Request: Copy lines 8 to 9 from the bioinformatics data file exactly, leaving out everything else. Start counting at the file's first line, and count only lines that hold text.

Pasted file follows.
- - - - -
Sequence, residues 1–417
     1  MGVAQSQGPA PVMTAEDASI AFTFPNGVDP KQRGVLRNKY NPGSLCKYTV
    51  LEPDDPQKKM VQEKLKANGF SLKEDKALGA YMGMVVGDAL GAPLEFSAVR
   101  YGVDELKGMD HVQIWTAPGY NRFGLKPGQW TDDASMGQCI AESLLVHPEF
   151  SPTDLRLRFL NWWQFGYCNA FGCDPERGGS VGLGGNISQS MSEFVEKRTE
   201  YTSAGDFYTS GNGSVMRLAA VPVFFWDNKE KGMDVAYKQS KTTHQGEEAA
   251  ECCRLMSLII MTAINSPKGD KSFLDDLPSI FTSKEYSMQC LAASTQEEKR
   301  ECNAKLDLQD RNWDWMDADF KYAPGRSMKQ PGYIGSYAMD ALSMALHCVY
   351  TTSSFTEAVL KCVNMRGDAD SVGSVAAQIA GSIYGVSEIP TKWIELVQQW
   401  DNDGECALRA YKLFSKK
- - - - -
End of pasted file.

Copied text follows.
   301  ECNAKLDLQD RNWDWMDADF KYAPGRSMKQ PGYIGSYAMD ALSMALHCVY
   351  TTSSFTEAVL KCVNMRGDAD SVGSVAAQIA GSIYGVSEIP TKWIELVQQW